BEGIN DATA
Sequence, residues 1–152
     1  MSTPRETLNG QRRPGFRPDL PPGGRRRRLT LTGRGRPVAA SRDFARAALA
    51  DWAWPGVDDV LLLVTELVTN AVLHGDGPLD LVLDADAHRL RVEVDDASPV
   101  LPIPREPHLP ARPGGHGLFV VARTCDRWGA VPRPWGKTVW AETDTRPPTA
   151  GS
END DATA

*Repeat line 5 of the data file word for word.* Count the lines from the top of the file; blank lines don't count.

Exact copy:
   151  GS